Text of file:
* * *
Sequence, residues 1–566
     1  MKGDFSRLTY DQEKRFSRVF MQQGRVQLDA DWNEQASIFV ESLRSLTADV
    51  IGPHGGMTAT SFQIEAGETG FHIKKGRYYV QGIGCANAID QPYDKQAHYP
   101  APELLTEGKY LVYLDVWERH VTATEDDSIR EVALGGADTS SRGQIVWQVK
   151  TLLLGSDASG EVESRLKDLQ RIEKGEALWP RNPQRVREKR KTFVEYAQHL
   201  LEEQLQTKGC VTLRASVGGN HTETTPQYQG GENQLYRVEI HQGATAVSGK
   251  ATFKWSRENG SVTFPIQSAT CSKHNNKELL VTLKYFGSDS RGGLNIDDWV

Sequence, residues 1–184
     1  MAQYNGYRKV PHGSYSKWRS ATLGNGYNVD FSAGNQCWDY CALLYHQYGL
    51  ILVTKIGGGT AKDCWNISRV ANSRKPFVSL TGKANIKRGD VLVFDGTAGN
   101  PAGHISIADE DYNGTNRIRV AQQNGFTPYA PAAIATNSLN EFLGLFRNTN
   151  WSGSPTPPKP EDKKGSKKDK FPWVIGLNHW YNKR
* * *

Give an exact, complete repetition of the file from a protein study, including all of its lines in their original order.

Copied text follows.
Sequence, residues 1–566
     1  MKGDFSRLTY DQEKRFSRVF MQQGRVQLDA DWNEQASIFV ESLRSLTADV
    51  IGPHGGMTAT SFQIEAGETG FHIKKGRYYV QGIGCANAID QPYDKQAHYP
   101  APELLTEGKY LVYLDVWERH VTATEDDSIR EVALGGADTS SRGQIVWQVK
   151  TLLLGSDASG EVESRLKDLQ RIEKGEALWP RNPQRVREKR KTFVEYAQHL
   201  LEEQLQTKGC VTLRASVGGN HTETTPQYQG GENQLYRVEI HQGATAVSGK
   251  ATFKWSRENG SVTFPIQSAT CSKHNNKELL VTLKYFGSDS RGGLNIDDWV

Sequence, residues 1–184
     1  MAQYNGYRKV PHGSYSKWRS ATLGNGYNVD FSAGNQCWDY CALLYHQYGL
    51  ILVTKIGGGT AKDCWNISRV ANSRKPFVSL TGKANIKRGD VLVFDGTAGN
   101  PAGHISIADE DYNGTNRIRV AQQNGFTPYA PAAIATNSLN EFLGLFRNTN
   151  WSGSPTPPKP EDKKGSKKDK FPWVIGLNHW YNKR